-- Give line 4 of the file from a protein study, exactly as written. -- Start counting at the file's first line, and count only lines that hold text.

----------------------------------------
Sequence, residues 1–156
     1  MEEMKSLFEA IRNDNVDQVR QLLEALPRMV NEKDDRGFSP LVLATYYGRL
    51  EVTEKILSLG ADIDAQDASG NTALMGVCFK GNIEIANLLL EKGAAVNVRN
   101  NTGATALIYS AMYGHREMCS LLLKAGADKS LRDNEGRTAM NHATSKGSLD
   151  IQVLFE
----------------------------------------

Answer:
   101  NTGATALIYS AMYGHREMCS LLLKAGADKS LRDNEGRTAM NHATSKGSLD